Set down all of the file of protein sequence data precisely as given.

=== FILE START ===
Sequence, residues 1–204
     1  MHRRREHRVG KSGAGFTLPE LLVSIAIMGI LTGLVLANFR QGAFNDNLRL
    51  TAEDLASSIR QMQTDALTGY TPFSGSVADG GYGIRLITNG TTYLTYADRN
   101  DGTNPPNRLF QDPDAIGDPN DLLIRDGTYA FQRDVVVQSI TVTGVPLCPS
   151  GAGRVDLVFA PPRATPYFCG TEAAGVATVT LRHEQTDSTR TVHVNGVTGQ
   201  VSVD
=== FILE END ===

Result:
Sequence, residues 1–204
     1  MHRRREHRVG KSGAGFTLPE LLVSIAIMGI LTGLVLANFR QGAFNDNLRL
    51  TAEDLASSIR QMQTDALTGY TPFSGSVADG GYGIRLITNG TTYLTYADRN
   101  DGTNPPNRLF QDPDAIGDPN DLLIRDGTYA FQRDVVVQSI TVTGVPLCPS
   151  GAGRVDLVFA PPRATPYFCG TEAAGVATVT LRHEQTDSTR TVHVNGVTGQ
   201  VSVD